In the rush to use mobile devices, agencies continue to struggle with how best to secure these smartphones and tablet computers. But should agencies look at these popular devices any differently than more traditional desktop or laptop computers?
Ron Ross, a senior security specialist at the National Institute of Standards and Technology, said tablets and smartphones really are powerful computers and agencies should apply a risk-based security approach to them like any other system.
“That’s a challenge. Today we are not doing it to the fullest extent. You have to ask the basic question, and this is where NIST is doing some work with the Homeland Security Department in exploring some of these new technologies, what kind of controls can an Android operating system or Apple operating system support?” Ross said Wednesday during a panel discussion on the Digital Government Strategy sponsored by AFCEA-Bethesda, Md. “What kinds of basic things that we would expect from any device or system, identity management, identification, authentication, access control and encryption, all of those core fundamental things that we do in cyber, how are those applied in these new technologies? We have to more work in understanding the technologies and how those fundamentals are applied.”
Similar to PCs, smartphones and tablets provide a direct path for attack against agency networks, and that is why the security and risk management basics remain the same.
Two documents to improve security
NIST and DHS are working on two documents to help ease agencies’ security concerns.
Ross said the new security control guidance would address mobile threats. He said 800-53 will have “250 new controls in it based upon the new threats we see today. The customers don’t implement all of those controls. But the important thing from our perspective is to give senior leaders the appropriate choices to make those risk-based choices.”
Ross and others said the decision making process based on acceptable risk is just another example of how mobile devices are similar to traditional computers.
But agencies are not consistently applying this approach. For instance, the Office of Management and Budget and DHS required employees to log on to their agency’s network using secure identity cards under Homeland Security Presidential Directive-12 starting in fiscal 2012. But there is no mention in the Digital Government Strategy of how HSPD-12 fits in with smartphones or tablet computers.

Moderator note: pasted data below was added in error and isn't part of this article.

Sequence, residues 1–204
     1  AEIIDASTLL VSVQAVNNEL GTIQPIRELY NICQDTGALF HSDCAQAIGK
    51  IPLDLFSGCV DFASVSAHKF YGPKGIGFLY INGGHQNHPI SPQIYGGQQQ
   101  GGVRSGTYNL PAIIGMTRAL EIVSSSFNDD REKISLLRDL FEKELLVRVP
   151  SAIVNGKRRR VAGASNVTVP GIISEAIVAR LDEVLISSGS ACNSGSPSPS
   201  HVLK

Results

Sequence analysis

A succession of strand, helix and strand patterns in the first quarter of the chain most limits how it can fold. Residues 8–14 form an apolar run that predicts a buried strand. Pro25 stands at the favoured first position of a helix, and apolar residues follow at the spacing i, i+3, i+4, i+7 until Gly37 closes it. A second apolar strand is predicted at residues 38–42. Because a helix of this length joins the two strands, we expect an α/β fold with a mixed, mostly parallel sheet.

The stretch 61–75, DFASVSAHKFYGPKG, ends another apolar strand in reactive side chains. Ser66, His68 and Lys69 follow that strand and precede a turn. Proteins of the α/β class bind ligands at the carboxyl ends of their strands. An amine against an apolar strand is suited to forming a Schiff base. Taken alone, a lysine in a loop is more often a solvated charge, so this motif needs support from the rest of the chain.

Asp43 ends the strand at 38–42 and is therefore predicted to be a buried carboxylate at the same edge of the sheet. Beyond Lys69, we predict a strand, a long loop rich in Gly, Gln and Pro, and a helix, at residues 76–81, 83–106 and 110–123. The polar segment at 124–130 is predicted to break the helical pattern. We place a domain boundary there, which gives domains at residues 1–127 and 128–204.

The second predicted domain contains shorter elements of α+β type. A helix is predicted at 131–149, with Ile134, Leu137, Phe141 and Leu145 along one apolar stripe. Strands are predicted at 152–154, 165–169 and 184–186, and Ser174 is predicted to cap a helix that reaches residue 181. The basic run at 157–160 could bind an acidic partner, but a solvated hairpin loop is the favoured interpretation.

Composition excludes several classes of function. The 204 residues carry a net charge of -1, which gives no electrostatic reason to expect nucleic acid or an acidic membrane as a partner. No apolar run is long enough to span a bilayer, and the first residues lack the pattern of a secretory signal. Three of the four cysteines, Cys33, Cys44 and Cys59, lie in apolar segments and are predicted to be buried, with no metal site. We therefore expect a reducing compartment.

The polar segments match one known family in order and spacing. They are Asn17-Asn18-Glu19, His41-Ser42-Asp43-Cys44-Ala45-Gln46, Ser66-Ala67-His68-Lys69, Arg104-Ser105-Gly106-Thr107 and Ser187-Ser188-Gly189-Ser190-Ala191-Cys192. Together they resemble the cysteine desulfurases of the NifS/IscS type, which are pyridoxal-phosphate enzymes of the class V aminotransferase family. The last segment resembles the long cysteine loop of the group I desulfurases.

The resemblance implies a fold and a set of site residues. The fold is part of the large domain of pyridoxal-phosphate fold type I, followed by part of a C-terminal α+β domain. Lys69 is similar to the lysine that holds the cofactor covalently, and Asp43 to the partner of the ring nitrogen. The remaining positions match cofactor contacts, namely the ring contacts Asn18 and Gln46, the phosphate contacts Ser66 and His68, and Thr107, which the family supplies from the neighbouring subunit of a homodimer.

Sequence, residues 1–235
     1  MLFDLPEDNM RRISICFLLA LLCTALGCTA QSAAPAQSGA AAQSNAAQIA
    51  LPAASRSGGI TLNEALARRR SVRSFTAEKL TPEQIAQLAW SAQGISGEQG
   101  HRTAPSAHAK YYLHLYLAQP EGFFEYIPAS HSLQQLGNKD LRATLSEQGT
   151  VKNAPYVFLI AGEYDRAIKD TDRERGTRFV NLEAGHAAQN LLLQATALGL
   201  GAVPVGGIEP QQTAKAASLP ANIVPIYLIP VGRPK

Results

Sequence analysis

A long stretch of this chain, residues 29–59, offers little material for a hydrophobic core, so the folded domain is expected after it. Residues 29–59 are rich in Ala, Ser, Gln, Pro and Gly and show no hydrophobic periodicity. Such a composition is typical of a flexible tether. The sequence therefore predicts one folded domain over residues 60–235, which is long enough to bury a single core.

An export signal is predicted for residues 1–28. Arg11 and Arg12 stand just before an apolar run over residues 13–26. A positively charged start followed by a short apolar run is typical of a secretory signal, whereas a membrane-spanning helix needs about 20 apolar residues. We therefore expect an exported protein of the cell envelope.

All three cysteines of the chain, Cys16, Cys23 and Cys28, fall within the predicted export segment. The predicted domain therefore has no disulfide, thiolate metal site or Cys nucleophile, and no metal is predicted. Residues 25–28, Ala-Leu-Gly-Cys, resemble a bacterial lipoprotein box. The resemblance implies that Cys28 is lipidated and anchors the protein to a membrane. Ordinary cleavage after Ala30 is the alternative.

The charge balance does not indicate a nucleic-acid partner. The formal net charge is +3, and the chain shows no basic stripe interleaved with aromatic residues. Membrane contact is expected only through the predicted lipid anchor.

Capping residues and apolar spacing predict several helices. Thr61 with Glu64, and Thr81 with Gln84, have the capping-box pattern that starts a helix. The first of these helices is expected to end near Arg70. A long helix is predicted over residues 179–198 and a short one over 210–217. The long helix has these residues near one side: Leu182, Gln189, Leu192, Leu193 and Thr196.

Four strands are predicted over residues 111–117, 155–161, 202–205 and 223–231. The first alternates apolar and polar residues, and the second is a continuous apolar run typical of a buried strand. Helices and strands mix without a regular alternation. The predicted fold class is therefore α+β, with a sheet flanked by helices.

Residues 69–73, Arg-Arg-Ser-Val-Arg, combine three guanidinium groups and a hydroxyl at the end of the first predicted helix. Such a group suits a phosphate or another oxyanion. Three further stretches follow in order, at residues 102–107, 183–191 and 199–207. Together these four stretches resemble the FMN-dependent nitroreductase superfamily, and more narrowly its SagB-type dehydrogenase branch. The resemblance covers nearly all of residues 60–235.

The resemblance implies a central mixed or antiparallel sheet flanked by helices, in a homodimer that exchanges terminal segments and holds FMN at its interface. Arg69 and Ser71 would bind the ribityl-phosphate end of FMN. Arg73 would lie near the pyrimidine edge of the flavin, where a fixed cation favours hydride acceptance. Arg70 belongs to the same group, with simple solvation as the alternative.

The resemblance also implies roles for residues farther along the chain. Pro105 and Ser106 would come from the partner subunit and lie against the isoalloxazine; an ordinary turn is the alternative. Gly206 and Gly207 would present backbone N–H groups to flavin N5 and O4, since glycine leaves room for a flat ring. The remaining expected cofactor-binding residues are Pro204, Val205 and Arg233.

Ross said it all comes back to risk tolerance. If an agency deploys a device and decides not to require employees to use their HSPD-12 card to log on, then that’s a risk they can live with. But agencies must understand all the risks to a system and how to mitigate them, and then explain it to the agency’s business leaders in a way they can understand.
NIST also is updating the HSPD-12 guidance, FIPS 201, to address mobile computing.
Mobile security reference architecture
DHS is developing a second document to help agencies protect mobile devices.
Sean Donelan, the program manager for the National Cybersecurity Division at DHS, said the agency is leading an interagency effort to create a mobile security reference architecture. It’s one of several reference architectures the government is creating to help implement mobile and shared services.
“Rather than every single agency having to go out and develop their own way of doing things, we get 30-40 agencies together and they develop a reference architecture, which is a halfway architecture that it is about 60 percent done,” Donelan said. “Each agency will go on and customize it to their own needs, but it gets the common things out there.”
Donelan said DHS will release the draft mobile security reference architecture this summer for public comment.
The document also will help move agencies away from securing the device and more toward securing the data.
“Protecting information is even harder than protecting systems. We don’t really understand what the issues are,” he said. “Encryption is given as one of those things that will solve the problem. But encryption is really hard to do right as we’ve seen over and over again. The concept of mobile, desktop, laptop or mainframe will go away and it’s going to be more about mission and information. We are not there yet. It’s going to be a culture evolution.”
Tom Temin is the host of The Federal Drive, which airs from 6-8 a.m. on 1500 AM in the Washington, D.C. region and online everywhere. Tom has 30 years experience in journalism, mostly in technology markets. Before coming to Federal News Radio, he was a long-serving editor-in-chief of Government Computer News and Washington Technology magazines.